Wednesday, October 28, 2015

MLK: [450] "years of sinning cannot be canceled out in four minutes of atonement": July 5, 1964 New York Times Magazine article by John Herbers

Critical Test for the Nonviolent Way
JULY 5, 1964
WHEN the Rev. Dr. Martin Luther King Jr. moved his forces into St. Augustine on May 25, the Negro revolution had reached a critical stage. A new mili­tancy by both Negroes and segrega­tionists was on the rise.

In Jacksonville, Nashville, Atlanta and other cities, civil rights demon­strators had departed from their policy of nonviolence. The moderate Negro leaders who had so ably succeeded in placing the black man's cause before the conscience of America seemed in danger of losing control of the move­ment.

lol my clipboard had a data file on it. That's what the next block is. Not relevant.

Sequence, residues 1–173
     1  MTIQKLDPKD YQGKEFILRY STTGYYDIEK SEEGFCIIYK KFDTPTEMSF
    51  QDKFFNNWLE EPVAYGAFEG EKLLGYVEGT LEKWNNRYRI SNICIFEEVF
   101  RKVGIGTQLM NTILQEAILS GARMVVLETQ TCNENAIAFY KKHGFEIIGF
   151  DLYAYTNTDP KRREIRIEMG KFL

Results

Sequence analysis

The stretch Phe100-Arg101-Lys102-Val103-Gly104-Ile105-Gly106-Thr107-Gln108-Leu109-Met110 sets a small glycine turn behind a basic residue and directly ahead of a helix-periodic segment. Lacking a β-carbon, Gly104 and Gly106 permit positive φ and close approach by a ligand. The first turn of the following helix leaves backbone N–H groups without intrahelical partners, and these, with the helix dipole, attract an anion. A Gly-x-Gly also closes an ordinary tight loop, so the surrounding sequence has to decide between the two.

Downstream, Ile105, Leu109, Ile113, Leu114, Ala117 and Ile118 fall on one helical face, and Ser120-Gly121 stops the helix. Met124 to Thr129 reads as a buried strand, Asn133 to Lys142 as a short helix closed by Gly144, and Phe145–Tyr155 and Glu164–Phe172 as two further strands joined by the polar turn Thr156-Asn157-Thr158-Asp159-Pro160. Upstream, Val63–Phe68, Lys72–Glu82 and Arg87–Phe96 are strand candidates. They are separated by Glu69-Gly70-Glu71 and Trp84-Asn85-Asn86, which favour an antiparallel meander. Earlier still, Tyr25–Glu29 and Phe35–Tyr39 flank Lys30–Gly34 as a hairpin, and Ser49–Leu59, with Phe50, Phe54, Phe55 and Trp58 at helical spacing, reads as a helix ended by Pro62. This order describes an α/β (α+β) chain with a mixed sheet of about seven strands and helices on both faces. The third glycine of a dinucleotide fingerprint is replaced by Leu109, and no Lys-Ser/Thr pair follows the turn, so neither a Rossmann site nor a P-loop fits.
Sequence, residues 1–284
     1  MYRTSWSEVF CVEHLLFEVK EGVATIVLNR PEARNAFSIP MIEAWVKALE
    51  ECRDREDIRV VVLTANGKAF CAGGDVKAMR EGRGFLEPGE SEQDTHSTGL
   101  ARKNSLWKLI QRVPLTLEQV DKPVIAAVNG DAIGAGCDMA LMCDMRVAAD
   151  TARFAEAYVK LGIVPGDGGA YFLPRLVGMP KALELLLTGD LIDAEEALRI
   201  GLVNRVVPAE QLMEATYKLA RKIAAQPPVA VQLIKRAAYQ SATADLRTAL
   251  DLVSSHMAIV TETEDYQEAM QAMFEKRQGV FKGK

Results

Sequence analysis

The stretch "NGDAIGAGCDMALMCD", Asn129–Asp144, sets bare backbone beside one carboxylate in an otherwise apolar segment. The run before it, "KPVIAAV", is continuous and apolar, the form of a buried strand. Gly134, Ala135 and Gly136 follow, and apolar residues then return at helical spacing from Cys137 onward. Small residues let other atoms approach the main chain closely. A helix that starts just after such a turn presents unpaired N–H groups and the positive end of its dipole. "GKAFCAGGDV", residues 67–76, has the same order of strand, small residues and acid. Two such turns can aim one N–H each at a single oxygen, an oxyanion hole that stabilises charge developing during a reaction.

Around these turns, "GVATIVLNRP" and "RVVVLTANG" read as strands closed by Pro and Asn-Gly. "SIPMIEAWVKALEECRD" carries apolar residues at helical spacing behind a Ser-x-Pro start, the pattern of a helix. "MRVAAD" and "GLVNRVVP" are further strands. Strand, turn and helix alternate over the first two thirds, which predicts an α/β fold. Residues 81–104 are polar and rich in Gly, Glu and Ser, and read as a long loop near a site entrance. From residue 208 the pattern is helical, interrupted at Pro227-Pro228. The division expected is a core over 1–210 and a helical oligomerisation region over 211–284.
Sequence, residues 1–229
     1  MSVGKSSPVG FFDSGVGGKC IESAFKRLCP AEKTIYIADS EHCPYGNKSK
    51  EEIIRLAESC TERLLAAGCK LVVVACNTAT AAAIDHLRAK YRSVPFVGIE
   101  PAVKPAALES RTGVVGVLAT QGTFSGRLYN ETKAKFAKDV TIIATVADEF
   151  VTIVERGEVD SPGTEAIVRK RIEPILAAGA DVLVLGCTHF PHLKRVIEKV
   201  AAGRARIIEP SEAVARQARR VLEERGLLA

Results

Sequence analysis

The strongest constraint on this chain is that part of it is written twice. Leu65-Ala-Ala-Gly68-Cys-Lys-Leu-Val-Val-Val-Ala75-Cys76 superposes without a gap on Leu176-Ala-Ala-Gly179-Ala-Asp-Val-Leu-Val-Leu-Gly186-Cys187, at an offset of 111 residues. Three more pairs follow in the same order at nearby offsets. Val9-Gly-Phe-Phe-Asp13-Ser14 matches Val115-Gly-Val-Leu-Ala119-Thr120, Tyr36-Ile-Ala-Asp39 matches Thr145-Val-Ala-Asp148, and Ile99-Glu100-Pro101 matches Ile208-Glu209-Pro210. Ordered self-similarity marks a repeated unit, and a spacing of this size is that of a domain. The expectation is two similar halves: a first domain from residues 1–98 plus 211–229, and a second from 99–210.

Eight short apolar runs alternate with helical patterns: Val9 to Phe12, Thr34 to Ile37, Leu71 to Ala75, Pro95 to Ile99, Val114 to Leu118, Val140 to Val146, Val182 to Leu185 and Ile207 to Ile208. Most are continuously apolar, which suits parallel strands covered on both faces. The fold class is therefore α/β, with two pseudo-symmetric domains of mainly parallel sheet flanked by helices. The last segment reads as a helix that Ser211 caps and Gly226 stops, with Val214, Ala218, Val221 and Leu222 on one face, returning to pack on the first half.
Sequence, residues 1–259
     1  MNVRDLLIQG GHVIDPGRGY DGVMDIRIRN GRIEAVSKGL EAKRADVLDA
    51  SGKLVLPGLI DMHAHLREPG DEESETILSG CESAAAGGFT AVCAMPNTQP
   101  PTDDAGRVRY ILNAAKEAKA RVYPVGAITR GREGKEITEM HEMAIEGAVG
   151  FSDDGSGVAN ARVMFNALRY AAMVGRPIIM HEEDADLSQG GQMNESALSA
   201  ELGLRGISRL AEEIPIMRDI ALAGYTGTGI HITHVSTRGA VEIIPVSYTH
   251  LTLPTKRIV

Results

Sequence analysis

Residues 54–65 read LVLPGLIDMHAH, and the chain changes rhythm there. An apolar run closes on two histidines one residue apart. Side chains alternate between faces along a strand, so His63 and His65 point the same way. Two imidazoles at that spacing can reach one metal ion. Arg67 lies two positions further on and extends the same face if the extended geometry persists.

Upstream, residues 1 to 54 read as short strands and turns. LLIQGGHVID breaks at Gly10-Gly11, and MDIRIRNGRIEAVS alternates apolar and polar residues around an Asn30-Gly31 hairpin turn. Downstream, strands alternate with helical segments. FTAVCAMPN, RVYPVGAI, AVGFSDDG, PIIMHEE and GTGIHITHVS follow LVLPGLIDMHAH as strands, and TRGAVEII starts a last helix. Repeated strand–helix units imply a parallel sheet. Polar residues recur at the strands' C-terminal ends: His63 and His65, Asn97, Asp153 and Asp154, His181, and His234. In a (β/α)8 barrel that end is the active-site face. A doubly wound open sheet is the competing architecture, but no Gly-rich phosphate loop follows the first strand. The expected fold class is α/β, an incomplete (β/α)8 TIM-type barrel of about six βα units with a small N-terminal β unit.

The white backlash stirred up by Gov. George C. Wallace of Alabama in three Northern Presidential pri­maries was at a peak. Many whites sympathetic to the cause of racial jus‐

One was reminded of the lines writ­ten about the Negro drive by Thomas Merton, the Trappist monk:

“It is ... possible that as the move­ment gains in power, the reasonable­ness and the Christian fervor ... will recede into the background and the movement will become more and more an unreasoning and intransigent mass movement dedicated to the conquest of sheer power, more and more inclined to violence.”
EVERYWHERE there was growing uncertainty and concern about where the movement was headed. While the civil rights bill was virtually assured of passage sometimne during the sum­mer, no realistic appraisal of the forth­coming law could find in it more than a broadening of the legal base for
“We felt,” Dr. King said as he set up his headquarters here. “that the summer campaign needed a purifying prelude in the sense of having a move­ment where Negroes remained com­pletely nonviolent.”
St. Augustine is a critical test not only of Dr. King's ability to hold the imagination and allegiance of millions of Negroes but also of the nonviolent method.